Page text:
I like to ask folks for feedback. One of the things I have to decide in the next few months as I move We Are Respectable Negroes forward is what to do about an official commenting policy.
When I started We Are Respectable Negroes I wanted to create a salon of sorts where different people could talk about topics and issues that are not receiving due attention in the mainstream media. Consequently, there is much complexity of thought and opinion surrounding the various issues addressed on this site. We talk about race, politics, popular culture, history, academia, and other issues of both private and public concern. Sometimes these exchanges can become impassioned. However, they should still be grounded in mutual respect, intellectual honesty, and rigor.
I also decided to have a relatively relaxed policy towards comments and posting. I have chosen to leave the option available for folks to post anonymously for example. I also do not require OpenId or registering in order to comment here on WARN. I did this so that new folks could feel free to contribute without being unduly hindered. Blogger's software is also not very robust in the options it allows for comment moderation. Consequently, this choice was a practical one as well.
I have a few questions--especially for those of you who read WARN but do not comment--this is also a chance for lurkers to introduce themselves as well.
Is the current tone of the comment section encouraging or discouraging you from participating? Are there issues you would like to discuss but feel that your point of view would be dismissed, subject to bullying, or otherwise rejected prima facie by other posters? Is there anything I could do as an administrator to make you more likely to chime in?
We have a nice group of folks who always comment. My goal is to broaden that community as much as possible, while still allowing for civil discourse. As we broaden the conversation, out of necessity we are going to have to ensure that some basic rules of order, politeness, and common sense are stated plainly for those new arrivals.
At some point, I am going to have to write a more formal commenting policy. For now, here are my principles going forward here on We Are Respectable Negroes. Please feel free to make suggestions.
1. Don't be impolite. Please be respectful of the other commenters. The goal here is to have a robust conversation. WARN is not a "chat site" or place to "try to get your name up" by "owning" other people. This site is also not an opportunity for you to blog by proxy. If you want to share your talking points, propagandize, write a treatise, or free ride, you should start your own web project. If you would like to offer up a guest post please email me and we can talk about your proposed idea.
2. Keep the conversation moving forward. Chime in on the topic at hand, relate it to other pertinent matters. Share some readings, links, or other material that could enlighten us. Conversations have a life of their own. That can be indulged without derailing the topic at hand.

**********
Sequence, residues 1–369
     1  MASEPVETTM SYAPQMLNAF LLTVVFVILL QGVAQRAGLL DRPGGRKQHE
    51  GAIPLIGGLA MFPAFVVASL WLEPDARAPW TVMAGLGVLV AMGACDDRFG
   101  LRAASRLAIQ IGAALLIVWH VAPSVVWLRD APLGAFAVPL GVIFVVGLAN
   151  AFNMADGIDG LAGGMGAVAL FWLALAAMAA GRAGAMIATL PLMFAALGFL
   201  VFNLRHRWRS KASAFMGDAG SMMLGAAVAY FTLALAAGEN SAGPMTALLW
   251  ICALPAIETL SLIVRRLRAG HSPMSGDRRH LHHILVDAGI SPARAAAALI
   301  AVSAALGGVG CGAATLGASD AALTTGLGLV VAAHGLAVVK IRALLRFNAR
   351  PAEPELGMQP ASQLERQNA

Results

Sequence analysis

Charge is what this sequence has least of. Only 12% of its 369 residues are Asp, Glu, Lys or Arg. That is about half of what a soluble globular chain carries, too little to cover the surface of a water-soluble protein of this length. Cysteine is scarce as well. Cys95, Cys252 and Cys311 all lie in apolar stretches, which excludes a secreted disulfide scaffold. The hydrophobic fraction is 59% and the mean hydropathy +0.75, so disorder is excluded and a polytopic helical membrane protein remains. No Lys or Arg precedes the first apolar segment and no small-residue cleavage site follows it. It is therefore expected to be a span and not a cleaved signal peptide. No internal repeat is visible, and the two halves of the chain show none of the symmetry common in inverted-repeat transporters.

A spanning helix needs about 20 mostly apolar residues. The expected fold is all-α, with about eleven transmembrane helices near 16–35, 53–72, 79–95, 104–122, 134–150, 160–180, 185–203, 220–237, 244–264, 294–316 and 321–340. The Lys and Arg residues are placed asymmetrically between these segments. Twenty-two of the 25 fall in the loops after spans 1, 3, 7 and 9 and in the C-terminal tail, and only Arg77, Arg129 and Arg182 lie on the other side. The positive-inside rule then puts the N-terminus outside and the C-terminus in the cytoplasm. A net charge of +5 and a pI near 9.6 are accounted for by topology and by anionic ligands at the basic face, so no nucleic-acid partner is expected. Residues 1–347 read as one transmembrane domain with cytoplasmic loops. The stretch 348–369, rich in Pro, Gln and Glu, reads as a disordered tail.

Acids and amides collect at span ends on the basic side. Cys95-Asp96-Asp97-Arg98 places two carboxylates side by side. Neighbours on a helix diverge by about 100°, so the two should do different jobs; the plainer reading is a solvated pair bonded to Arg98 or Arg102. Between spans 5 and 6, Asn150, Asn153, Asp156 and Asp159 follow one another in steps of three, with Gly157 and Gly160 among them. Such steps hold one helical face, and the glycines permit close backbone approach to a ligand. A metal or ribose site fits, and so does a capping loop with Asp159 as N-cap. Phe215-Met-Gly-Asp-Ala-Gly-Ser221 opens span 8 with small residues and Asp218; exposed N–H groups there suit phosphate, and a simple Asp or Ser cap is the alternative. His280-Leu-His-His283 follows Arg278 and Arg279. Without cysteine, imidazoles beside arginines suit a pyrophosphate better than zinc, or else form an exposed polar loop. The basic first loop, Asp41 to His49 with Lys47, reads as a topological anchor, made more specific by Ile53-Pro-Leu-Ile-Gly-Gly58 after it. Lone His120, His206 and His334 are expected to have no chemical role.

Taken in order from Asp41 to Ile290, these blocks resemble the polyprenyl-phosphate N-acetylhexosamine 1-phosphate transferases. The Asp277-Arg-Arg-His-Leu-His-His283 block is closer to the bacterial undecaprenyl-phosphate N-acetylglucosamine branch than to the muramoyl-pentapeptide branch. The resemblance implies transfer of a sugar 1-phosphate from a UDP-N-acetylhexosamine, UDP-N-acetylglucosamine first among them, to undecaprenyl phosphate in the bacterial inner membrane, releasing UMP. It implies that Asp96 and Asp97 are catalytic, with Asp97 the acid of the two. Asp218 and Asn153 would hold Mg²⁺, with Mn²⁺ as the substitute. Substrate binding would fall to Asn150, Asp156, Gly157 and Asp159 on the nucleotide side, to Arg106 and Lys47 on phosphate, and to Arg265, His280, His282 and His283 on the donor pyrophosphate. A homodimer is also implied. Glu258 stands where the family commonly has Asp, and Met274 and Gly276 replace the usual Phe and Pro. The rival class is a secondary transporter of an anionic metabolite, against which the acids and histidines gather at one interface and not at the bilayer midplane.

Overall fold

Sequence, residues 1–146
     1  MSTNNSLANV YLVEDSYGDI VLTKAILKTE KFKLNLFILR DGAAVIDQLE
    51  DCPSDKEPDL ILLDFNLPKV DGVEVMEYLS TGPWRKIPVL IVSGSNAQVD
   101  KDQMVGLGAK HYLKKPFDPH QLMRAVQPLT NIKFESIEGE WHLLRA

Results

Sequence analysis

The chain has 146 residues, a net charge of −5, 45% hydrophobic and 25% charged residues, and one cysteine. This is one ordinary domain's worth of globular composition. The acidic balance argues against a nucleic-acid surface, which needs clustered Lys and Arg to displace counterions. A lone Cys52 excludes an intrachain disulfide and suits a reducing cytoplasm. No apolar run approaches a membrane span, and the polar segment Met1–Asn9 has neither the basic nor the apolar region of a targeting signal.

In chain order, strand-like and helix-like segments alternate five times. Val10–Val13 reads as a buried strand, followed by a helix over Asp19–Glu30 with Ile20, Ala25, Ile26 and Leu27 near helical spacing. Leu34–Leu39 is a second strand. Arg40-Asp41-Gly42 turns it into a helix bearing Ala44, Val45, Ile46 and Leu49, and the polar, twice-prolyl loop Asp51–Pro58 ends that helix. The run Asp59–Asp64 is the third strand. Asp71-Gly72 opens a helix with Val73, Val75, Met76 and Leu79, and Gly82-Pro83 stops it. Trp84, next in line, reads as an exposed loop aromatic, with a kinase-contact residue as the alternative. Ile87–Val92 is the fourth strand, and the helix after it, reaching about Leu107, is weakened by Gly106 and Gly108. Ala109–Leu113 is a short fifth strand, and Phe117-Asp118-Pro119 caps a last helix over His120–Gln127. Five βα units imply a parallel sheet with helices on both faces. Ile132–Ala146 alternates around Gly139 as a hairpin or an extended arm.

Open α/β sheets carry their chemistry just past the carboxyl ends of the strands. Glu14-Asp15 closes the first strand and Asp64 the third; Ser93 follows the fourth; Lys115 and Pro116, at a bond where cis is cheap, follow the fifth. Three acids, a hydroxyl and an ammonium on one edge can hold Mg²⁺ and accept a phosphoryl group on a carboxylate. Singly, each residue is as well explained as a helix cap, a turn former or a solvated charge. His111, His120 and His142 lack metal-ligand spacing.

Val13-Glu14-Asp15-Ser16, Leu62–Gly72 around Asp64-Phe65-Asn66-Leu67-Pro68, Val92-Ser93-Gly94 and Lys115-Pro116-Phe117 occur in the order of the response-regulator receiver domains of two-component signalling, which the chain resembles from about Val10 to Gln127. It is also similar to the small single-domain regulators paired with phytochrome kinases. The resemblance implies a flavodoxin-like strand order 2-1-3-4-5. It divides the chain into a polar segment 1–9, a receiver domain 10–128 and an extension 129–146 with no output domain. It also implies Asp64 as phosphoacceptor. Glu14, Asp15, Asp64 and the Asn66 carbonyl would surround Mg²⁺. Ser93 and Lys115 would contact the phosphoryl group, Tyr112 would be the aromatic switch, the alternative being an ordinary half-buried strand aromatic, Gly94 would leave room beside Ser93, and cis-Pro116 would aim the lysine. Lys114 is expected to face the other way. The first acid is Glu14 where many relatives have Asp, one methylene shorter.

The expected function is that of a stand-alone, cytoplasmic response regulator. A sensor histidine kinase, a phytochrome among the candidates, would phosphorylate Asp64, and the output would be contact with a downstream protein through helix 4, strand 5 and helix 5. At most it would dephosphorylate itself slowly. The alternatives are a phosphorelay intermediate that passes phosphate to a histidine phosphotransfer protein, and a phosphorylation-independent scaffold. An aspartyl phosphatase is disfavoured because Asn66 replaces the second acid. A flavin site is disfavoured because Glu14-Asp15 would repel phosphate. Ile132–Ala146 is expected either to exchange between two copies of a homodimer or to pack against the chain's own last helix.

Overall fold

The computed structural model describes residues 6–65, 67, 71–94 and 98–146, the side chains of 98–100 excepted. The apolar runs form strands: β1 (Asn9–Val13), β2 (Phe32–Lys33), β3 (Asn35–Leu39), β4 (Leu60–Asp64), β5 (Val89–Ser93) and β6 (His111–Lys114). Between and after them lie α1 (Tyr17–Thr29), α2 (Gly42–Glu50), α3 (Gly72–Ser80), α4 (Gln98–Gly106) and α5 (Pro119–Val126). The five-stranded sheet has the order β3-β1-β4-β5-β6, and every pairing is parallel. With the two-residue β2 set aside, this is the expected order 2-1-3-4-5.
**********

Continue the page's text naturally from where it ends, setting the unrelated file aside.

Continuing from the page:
3. Disagreement is welcome and encouraged. We Are Respectable Negroes is not an amen corner. However, if you cannot disagree without calling names, acting childishly, or generally being a jerk, then please refrain from posting. I am pretty flexible and pragmatic. Readers who have been here longer and have a track record get much more leeway than new arrivals. The rule still generally holds. Such is life.
4. I reserve the right to delete comments which are not moving us forward or that otherwise violate these very basic guidelines for civil conversation. I also reserve the right to ban repeat offenders. I have only done this on one occasion. I hope that I will never have to do so again. After talking to other people who have been writing online for much longer than me (and are much more successful at it), I am slowly coming to see the wisdom of occasionally pulling the weeds out of the garden in order to encourage growth and new life.
5. I write about the topics which interest me. I do not write for the approval of others or to otherwise please people. I enjoy learning from all the good folks who have found their way to WARN. However, I am not going to be subject to the whims of others who get upset because I do not parrot or mirror their political views, hobbies, or interests. As I always say, the Internet is a big place; feel free to start up your own project.
6. I believe in free speech. However, free speech is not a license to be rude, uncivil, harass, bully, or heckle others here on WARN. If this is your preferred means of interacting with people online it is not a good fit for We Are Respectable Negroes.
7. For now, I am going to leave the "anonymous" option available for those who would like to comment. However, I am going to be very robust in policing comments written under that category. I would suggest picking a name and using it for purposes of encouraging responsible dialogue where we can all learn by talking--and hopefully listening more--to each other.